Milia Treatments At A Glance
- Best Results1-3 treatments
- Treatment Recovery1-3 days
- Procedure Time10 to 20 minutes
- Skin SpecialistNurse, dermal therapist
- Duration of ResultsMonths to years
- Back to WorkImmediately
- Cost$ (Nurse/Dermal therapist)
Milia are common bumps that occur around the eyes. They can be secondary to occlusive moisturizers or laser resurfacing. Most commonly there is no known cause however milia can be seen in families. Treatment options include extractions with instruments, lasers & peels.
FactsFacts on Milia
- Milia are hard balls of keratin that lie under the skin’s surface
- Occlusive moisturizers can lead to milia formation
- Unlike zits, the core of milia consists of hard protein
- This means milia are harder to squeeze out compared to pimples
- Simple treatments include chemical peels, microdermabrasion & needle extractions
- Exfoliating regularly can reduce & prevent milia formation
- Microdermabrasion can treat & reduce milia
What are Milia Treatments?
Milia is a term to describe the accumulation of keratin beneath the skin’s surface. Milia can be located anywhere on the body, however, they are more common around the eyes.
Milia can be confused with whiteheads, cysts & syringomas.
What simple steps can you do at home to treat milia?
Product guide: Use a less occlusive moisturizer if you are prone to milia, consider lotions or serums over creams/ointments.
Exfoliate once a week. Consider a physical exfoliant such as Clarisonic or gentle pads. Chemical exfoliants include AHAs such as glycolic acid or lactic acid washes or serums. Skin care products that can help include retinol & retinoids. These take time to work, so be patient.
Can milia be due to my products?
Yes, occlusive moisturizers are often the culprit. This can occur if you are using a body moisturizer on the face. Creams & ointments can give rise to milia, whilst lotions & serums are less occlusive. Consider swapping your moisturizers if you are prone to milia.
Can I pop milia?
Most milia lie deep in the epidermis, unlike blackheads & pimples. Keratin is also much harder than pus. Unless you have a super steady hand, milia treatment at home can be tricky.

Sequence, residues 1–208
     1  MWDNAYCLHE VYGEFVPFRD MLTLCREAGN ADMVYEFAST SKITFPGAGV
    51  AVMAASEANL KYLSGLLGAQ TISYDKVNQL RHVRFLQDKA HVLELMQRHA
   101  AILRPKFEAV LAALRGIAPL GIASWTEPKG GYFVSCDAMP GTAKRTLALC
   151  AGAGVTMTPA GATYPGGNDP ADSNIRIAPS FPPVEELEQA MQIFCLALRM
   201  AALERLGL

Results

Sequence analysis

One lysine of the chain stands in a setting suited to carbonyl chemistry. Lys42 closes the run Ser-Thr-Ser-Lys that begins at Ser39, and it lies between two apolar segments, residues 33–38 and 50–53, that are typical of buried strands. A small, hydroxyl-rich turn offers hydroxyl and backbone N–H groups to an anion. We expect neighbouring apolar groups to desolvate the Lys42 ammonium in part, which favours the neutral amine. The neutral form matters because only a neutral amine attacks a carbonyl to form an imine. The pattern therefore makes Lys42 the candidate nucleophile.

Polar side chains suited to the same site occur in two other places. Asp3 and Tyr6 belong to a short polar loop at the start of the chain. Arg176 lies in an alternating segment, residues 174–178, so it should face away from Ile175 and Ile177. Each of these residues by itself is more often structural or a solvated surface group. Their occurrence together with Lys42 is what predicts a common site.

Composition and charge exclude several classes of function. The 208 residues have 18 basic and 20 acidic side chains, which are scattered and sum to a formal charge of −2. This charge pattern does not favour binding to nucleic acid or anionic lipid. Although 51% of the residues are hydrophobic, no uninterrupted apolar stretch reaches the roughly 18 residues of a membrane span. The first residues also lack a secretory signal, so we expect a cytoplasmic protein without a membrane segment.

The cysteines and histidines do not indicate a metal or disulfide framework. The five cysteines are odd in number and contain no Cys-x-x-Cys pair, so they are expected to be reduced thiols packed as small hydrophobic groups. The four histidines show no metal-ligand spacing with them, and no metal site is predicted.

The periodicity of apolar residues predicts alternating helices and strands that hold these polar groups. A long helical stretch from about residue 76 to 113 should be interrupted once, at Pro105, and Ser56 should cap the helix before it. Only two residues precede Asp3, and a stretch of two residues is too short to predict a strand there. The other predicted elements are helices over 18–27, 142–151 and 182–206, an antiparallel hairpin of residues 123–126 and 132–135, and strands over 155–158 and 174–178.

Using a sterile 30-gauge needle can ‘flick’ the surface skin, leaving a track for milia to escape. Just don’t hit your eyeball with the needle if you are contemplating a DIY job. If you are prone to milia, consider swapping your skin care products. Some milia go away on their own within 4 to 8 weeks.
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How can I prevent milia?
The correct use of products can prevent milia. The use of light moisturizers, gentle exfoliation & retinoic acid products can markedly reduce milia formation.
Regular microdermabrasion, chemical peels or Hydrafacials can reduce milia formation.
Who should I see for milia extractions?
Your aesthetician or beautician can look after milia. If you have tricky milia & would like them removed, book to see one of the dermal therapists at Clinic Cutis. We employ microdermabrasion, AHA, BHA & retinoic acid peels to effectively manage this common condition.
How do we treat milia?
Most cases can be ‘flicked’ with a sterile needle. Simple, painless, effective. Other methods we employ include lasers (overkill) & microdermabrasion.
Chemical peels including retinoic acid 1 to 2% peels monthly can reduce recurrence. Book an appointment with our dermal therapist @cliniccutis.
Disclaimer: I do not treat milia, even if they are on your eyelids. Best see a nurse or dermal therapist.
What is the best exfoliator for milia?
The ideal exfoliation will depend on your skin sensitivity. Most people can tolerate retinols. Combining a physical exfoliator such as brushes, sponges & mitts once a week, together with AHAs or salicylic acid washes can improve milia.
What is a simple skin care routine to reduce milia formation?
Exfoliate once a week with an AHA wash or AHA BHA combination wash.
Apply retinol or better still topical retinoids to milia prone areas. If you are using topicals on your eyelids, dilute ¼ active to ¾ light facial moisturizer.
Moisturize with a light lotion & reduce creams & other ‘heavy moisturizers.’
What medical conditions can cause milia?
Essentially any condition that separates the dermis from the epidermis can give rise to milia. Medium to deep chemical peels & ablative laser resurfacing are iatrogenic examples. Other medical conditions include familial milia, blistering conditions such as porphyrias, bullous pemphigoid, EBA, EB, DEB, phototoxic drugs, photodermatoses, burns, & many others. Medically induced milia should be managed by a medical dermatologist (not me).
Davin’s Viewpoint: Milia
Milium or milia are common causes of white dots & lumps, they are not to be confused with eccrine or adnexal tumours like syringomas.
These lumps contain keratin (hard protein like material). Unlike zits & pustules, milia can be difficult to remove. Aestheticians, beauticians & dermal therapists employ needle extractions, microdermabrasion & peels to deroof milia.
A good skin care routine consisting of AHAs, BHAs & retinoic acid-retinol can reduce or prevent milia formation. Be guided by your skin care expert.
Disclaimer: I do not remove milia, even on the eyelids. My day job is surgical, complex lasers, deep peels & injectables.
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